Yes. I don't want to say too much about it, but I'm glad to hear your view. You get to see his humanity, when up to that point you're willing to write him off as someone who was abusive and took advantage of Armstrong. That's a wonderful, surprising element of the play, and as the actor playing it, it's also exciting for me.
What scares you most about doing this?
Oh . . . everything! [laughs] You live in fear. As a performer, I'm always terrified, whether it's this kind of story or a play that's already been established, a classic or contemporary play that's been produced many times. I think people might already have their own impressions fixed in their minds, but I think that's what's exciting about this because it gives you something else to think about, to add to your picture of the man. But it's also scary doing a play like this, because he's a well-known figure, beloved and revered throughout the world. Hopefully, it'll engender a lot of discussion and debate. What I love about this play is that it resurrects this man for me in a way that's quite beautiful, and absolutely deserved and necessary.
I did read something where you said your perspective on him when you were younger was that he was nothing special. What have you come to decided was his greatest significance?
After starting the research—which never really ends—I fell in love with this guy, I have to say. From the music and the TV interviews I watched to the countless hours of tape I listened to, and going through the house, and downloading music from iTunes, and ordering DVDs of his European concerts. One of his greatest assets was his generosity and love of humankind. It was real for him; he had this big heart which you don't really see nowadays. And he was caught in the crossroads of the Civil Rights movement. He broke down the barriers people like Miles Davis and Dizzy Gillespie—who were very critical of his persona, they accused him of Uncle Tomming and clowning—have benefited from.
I was talking to some musicians about Armstrong recently, some trumpet players. Told them, "I'd love to have you guys teach me some trumpet, just some basic stuff, because I don't play." I don't play in the show, bit i thought it would be nice to know something about the instrument, how to carry it. S o I started to talk to them about Armstrong's music. They were in awe of him, and told me, "Listen, we can't do wehat he did; he created notes that we don't even have registered. They don't have notes for what he played." It's so difficult to codify what he did because his discipline on the trumpet was Godlike. He played from a place in himself that separated him from all other artists of his time.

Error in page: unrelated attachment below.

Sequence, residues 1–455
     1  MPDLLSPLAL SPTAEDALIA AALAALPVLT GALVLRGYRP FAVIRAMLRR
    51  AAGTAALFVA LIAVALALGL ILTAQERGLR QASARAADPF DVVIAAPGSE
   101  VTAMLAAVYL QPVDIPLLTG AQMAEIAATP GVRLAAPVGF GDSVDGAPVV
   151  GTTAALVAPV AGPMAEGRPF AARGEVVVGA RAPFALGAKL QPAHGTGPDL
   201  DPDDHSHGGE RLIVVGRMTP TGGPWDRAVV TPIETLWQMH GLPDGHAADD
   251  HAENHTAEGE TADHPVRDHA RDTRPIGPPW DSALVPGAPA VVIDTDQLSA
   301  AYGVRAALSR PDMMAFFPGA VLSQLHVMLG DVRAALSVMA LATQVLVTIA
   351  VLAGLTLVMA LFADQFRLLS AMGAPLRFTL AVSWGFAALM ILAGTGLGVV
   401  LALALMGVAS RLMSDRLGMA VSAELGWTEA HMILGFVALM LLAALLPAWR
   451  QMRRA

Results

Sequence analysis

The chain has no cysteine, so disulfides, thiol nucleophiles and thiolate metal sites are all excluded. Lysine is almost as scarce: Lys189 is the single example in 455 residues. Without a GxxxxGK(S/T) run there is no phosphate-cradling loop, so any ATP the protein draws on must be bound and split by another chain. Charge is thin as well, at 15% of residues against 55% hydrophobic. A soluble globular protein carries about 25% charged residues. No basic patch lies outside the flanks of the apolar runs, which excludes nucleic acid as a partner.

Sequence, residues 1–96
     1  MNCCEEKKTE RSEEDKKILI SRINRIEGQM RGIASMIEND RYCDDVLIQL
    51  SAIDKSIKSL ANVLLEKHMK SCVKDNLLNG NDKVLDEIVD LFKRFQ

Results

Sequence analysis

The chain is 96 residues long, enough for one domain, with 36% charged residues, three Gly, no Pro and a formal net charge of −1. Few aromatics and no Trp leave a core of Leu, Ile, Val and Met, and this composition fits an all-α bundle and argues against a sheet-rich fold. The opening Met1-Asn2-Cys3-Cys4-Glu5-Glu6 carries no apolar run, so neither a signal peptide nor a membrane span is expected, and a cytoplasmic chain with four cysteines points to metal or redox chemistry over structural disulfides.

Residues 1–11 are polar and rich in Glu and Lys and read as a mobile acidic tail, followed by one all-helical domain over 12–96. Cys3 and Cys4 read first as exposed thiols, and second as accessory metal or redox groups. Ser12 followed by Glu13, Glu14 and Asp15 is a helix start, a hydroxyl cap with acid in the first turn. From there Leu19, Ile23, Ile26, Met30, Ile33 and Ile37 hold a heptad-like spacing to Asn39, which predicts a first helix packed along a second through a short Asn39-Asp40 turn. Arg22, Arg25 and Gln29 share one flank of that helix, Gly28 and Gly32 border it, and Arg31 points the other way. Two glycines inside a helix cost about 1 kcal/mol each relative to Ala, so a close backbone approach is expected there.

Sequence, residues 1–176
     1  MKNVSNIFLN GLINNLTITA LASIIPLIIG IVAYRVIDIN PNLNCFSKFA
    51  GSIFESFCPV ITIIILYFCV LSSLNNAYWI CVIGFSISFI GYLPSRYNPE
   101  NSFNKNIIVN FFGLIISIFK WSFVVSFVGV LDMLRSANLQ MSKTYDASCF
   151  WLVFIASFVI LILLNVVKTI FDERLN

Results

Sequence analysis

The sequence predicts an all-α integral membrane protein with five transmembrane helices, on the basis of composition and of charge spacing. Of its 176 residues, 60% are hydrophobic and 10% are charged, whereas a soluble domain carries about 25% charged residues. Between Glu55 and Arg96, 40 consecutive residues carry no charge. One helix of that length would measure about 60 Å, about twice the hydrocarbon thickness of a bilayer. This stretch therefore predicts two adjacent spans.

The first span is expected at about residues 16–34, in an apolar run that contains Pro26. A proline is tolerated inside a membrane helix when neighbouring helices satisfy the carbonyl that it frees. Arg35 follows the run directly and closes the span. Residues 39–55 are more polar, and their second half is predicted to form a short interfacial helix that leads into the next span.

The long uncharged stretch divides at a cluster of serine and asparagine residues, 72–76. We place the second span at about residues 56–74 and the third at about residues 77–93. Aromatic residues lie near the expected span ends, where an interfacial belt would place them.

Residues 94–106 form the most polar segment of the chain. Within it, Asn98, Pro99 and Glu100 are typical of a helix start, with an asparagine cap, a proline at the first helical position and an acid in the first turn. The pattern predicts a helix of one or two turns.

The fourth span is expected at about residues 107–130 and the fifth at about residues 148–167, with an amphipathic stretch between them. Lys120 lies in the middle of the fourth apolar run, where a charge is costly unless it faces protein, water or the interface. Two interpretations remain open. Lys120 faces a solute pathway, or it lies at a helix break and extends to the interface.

I understand that before you pursued acting, you worked for Unisys in Wallingford. What exactly did you do there?
I worked in marketing and sales. My title was marketing rep.
Then everything changed when you went to Yale Repertory Theatre one night.
I saw a production of Joe Turner's Come and Gone. It was a botched date—my date didn't show up. If I hadn't gone, I don't know that I would have had that catalytic experience that moved me so. I had never seen African Americans onstage in those numbers, in that capacity. It was an all black cast. Not that I'd been to the theater that much, anyway. I felt like this is for me, this is directed at me, these are the themes of my life. The concepts and perceptions of my life seem to be here. These people are living it. That focused my attention right off the bat. And the story and those words were so incredibly powerful. To this day, I've never seen acting that profound.
You know when you see great theater and you're just walking on air afterward? I didn't understand that feeling, but that was the first time I've had it. I felt like the molecules in my body had shifted, that someone opened my mind to a grand new paradigm that I had never even understood existed. I went back to work the next day, I knew from that moment—it was so clear—that that's what I wanted to be. Then I got laid off, which allowed me to pursue my new dream. I could probably have found a new job with IBM or Honeywell, but I knew that that was the time to change. So I went into it boldly.
The other thing is, it's really profound to see people who either look like you or reminds you of you in something that moves you that way. it just opens the door and reminds you that you can do it too. Do you know how many African American politicians there are going to be in the next 20 years because of the inspiration of Barack Obama? Countless. I remember crying when he made his acceptance speech. And sometimes I'd see him walking to Air Force One, and it was just moving. I never thought something like that would happen in my lifetime, you know? So that was the kind of event that happened to me at Yale Rep, it was something that shifted my mindset.
And theater is one of those things, if it speaks to you it's beyond anything. Some people never get captured by it, but if you do, you never get over it.